It was probably a Wednesday. Such things always happen on Wednesdays.
Maybe it was Friday.
At first, there was no clear sign of any danger. The usual noises of machinery working under severe strain, the stirring tanks, the skimmers, the autoclaves.
Tingo stood at his workstation, pretty much by himself. Folks were outside, enjoying their breads and the looming change of seasons. Everybody expected the fall to hit them, and rather sooner than later. Tingo didn’t need any bread. He didn’t eat bread. He didn’t enjoy seasons or being outside, he just wanted to get done with his adjustments.
It was usually the inbetween season when he felt like this, when the winter wouldn’t stop, yet the spring showed no improvement. His hands felt old. He’d rather be home, sleeping in a warm bed, next to his wife, and his kids.
He didn’t have kids.
He didn’t have a wife.
He’d have this, though:
A ringing sound, which was the delivery doorbell, followed by frantic knocking.
When Tingo opened the small looking back door, he found a panting, gasping courier with an ominous red package in his hands, held up for Tingo to take. The courier shook the package. “Take! It’s unstable! I’m late!”
“Shouldn’t you rather not shake it then?” said Tingo and pondered whether he should take the package or not. Or call Raymond, his supervisor.
“It’s sensitive to temporal vibrations, not seismic ones. Take!”
Tingo carefully took.
“Are there women around?” the courier asked.
“I’m alone. Everyone’s outside.”
“Including the women?”
“Including the women.”
The courier nodded. He exhaled deeply, pressed his lips together and, with one last look at Tingo, turned around and left. Something red, a transporter, was parked behind the fence in front of the factory.
Tingo put the red box on the red worktable, which seemed like an unneccessary coincidence, and called his supervisor.
“Ray, we got a package. Unstable, it seems. Heck knows what’s in it.”
“On my way. Can you assess it?”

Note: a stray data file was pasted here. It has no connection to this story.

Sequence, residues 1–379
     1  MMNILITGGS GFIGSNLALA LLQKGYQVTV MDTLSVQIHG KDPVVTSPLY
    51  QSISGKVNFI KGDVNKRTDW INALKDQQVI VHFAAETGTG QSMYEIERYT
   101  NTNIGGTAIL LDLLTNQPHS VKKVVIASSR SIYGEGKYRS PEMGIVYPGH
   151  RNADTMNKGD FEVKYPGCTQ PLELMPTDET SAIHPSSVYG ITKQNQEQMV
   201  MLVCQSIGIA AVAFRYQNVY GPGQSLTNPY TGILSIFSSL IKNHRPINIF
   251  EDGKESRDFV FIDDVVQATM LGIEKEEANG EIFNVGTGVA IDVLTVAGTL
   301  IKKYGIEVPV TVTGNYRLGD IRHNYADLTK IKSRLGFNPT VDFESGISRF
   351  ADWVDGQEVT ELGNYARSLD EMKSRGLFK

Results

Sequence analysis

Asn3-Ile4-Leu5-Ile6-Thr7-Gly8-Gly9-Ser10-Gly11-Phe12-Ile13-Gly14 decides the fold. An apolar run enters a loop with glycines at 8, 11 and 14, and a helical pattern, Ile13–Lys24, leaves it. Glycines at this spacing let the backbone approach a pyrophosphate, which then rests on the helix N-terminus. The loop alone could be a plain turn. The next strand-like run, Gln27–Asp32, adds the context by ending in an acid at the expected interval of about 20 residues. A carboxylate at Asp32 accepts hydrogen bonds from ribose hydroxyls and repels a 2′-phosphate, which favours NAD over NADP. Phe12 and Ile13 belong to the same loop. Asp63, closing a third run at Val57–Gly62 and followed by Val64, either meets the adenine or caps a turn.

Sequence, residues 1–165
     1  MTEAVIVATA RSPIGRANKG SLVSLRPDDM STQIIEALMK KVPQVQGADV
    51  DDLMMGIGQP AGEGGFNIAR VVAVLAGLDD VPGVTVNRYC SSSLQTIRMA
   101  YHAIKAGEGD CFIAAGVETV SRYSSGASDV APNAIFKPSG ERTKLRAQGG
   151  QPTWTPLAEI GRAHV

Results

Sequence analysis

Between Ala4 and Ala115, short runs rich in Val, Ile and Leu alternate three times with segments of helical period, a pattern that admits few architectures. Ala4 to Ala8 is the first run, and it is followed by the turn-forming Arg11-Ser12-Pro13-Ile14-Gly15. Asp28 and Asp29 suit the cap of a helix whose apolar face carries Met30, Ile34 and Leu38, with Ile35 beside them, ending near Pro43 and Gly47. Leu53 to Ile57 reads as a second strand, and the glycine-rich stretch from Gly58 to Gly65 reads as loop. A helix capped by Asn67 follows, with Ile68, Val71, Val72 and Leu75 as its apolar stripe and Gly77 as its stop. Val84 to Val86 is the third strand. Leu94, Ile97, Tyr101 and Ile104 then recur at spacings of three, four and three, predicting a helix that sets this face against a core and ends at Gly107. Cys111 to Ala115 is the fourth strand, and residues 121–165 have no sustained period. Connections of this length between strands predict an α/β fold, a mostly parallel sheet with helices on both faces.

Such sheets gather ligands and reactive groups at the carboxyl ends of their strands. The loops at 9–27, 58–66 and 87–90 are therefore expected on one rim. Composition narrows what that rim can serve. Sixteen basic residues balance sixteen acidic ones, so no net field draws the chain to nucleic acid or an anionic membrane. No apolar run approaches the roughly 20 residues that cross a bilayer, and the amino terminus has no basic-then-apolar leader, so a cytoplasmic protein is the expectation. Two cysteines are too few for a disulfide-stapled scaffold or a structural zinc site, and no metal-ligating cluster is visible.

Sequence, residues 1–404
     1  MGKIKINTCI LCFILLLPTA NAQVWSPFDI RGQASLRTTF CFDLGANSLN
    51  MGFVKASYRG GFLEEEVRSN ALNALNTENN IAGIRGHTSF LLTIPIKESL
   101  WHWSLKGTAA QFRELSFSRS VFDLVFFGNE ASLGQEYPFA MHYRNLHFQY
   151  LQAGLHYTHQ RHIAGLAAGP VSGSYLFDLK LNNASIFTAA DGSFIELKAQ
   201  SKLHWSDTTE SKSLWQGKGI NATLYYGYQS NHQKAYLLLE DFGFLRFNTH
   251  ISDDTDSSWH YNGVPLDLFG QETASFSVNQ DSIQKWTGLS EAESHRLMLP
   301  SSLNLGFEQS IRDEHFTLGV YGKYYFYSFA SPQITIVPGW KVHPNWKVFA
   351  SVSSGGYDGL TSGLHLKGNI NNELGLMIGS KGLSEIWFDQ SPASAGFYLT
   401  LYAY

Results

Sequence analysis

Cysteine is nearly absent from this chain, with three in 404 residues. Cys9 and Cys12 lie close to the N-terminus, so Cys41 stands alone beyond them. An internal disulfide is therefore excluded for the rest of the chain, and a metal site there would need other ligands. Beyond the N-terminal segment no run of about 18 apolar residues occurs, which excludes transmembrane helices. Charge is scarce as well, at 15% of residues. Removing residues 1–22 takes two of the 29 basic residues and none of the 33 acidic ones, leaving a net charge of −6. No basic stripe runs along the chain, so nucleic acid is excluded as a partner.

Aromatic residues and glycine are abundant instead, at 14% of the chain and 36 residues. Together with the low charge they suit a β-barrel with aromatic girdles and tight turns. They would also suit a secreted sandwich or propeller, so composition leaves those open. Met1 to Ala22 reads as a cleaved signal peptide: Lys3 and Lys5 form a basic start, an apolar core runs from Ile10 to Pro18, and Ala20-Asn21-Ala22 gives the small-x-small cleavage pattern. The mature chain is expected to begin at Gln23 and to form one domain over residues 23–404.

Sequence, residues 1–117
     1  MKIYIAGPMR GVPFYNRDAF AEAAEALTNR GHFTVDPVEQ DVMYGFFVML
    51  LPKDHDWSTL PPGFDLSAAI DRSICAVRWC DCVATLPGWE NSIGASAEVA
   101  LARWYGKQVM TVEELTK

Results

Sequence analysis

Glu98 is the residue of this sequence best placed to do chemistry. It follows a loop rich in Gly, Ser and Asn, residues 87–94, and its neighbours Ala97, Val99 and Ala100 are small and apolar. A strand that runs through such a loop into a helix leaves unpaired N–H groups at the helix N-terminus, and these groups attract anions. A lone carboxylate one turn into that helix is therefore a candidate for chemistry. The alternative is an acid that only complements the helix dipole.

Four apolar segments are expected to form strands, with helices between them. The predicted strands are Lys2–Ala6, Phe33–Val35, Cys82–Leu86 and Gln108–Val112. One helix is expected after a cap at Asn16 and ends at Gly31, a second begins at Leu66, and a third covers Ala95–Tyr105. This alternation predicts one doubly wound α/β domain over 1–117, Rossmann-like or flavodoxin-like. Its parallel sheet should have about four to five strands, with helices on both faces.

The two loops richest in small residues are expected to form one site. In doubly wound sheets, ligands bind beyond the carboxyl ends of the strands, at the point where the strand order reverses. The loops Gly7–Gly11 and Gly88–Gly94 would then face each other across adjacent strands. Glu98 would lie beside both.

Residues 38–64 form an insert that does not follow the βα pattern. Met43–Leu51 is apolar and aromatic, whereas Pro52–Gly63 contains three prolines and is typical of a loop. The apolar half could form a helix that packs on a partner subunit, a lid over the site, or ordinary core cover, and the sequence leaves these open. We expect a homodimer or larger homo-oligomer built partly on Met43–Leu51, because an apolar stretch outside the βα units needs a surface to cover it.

“Not without opening it.”
“Leave it. Almost there.”
Raymond didn’t sound concerned. But when he came over, he was inside his safe, air-filled suit, with his newly exchanged filters. Tingo wasn’t though. He had a suit, sure. In his locker. He hadn’t had his filters changed in weeks. He kept them in the storage, because, well. He just wanted things get done and go back home to no one.
“It’s fine,” Ray said calmly, noticing Tingo’s concerned look. “There’s no sign of chemical, biological or mechanical activity. It’s in stasis.”
“How would you know?”
“Should we open it?” Ray said, looking at the package.
“I don’t know. Should we?”
“Who’s it from?”
“I don’t know, Ray.”
“Didn’t you sign a paper? No forms?”
“No forms, Ray. No paper or signage.”
“It must be the shipment from Strandos.”
Tingo glanced at the box. “It looks violent.”
“It’s just a package, Ting.”
“I don’t know, Ray. It’s a red package. Doesn’t this usually mean something?”
“Alright. Go get your suit. We’ll open it.”
Tingo went down to storage. He passed a window from where he could see a small gathering of workers outside. They looked like they always looked. Sun shone onto the glass and Tingo had to squeeze his eyes. Their shadows were lively. Yet short and precise. Like some animal, favored and formed by evolution. It must have been not later than 10 pm.
He found his locker. No suit. Someone had cleaned his tools, though. All disinfected and properly placed on their assigned hooks. But no suit.
Tingo searched the area.
He returned to the upper level, to his workstation, to the red table and to Raymond, but there was no Raymond. Raymond had left.
“Ray?” Tingo yelled. “Raymond?”
He searched around his workstation, near Raymond’s office, near the machines Raymond usually inspects and near the empty waste barrels.
There he was.
Flat on the ground, with his suit on and a peaceful expression on his face. At least that’s what it looked liked. He didn’t move. He looked alright. But he wasn’t.
Tingo considered panicking.
“Ray? Come on…”
He tried to move him, he shook him, like the courier shook that damn red package. One of his eyelids slid open. Tingo screamed at Ray. But there was no more Ray inside of Ray.
Should he go outside? Should he warn the others? Get help? Would something escape outside? Did something escape outside? What was inside?
He walked back towards the window. There was Gibston. “Hey! Gibston! Hey, man!” Tingo yelled at the glass, he signaled, he knocked. Gibston didn’t hear. He didn’t see. The reflection of the sun must have been fierce. Their bread-eating and cheering must have been loud.
That’s enough, Tingo decided. He went to the door. He’d open it, just slightly, to yell outside. Even if something escaped that way, it wouldn’t be much, would it? Would that be okay?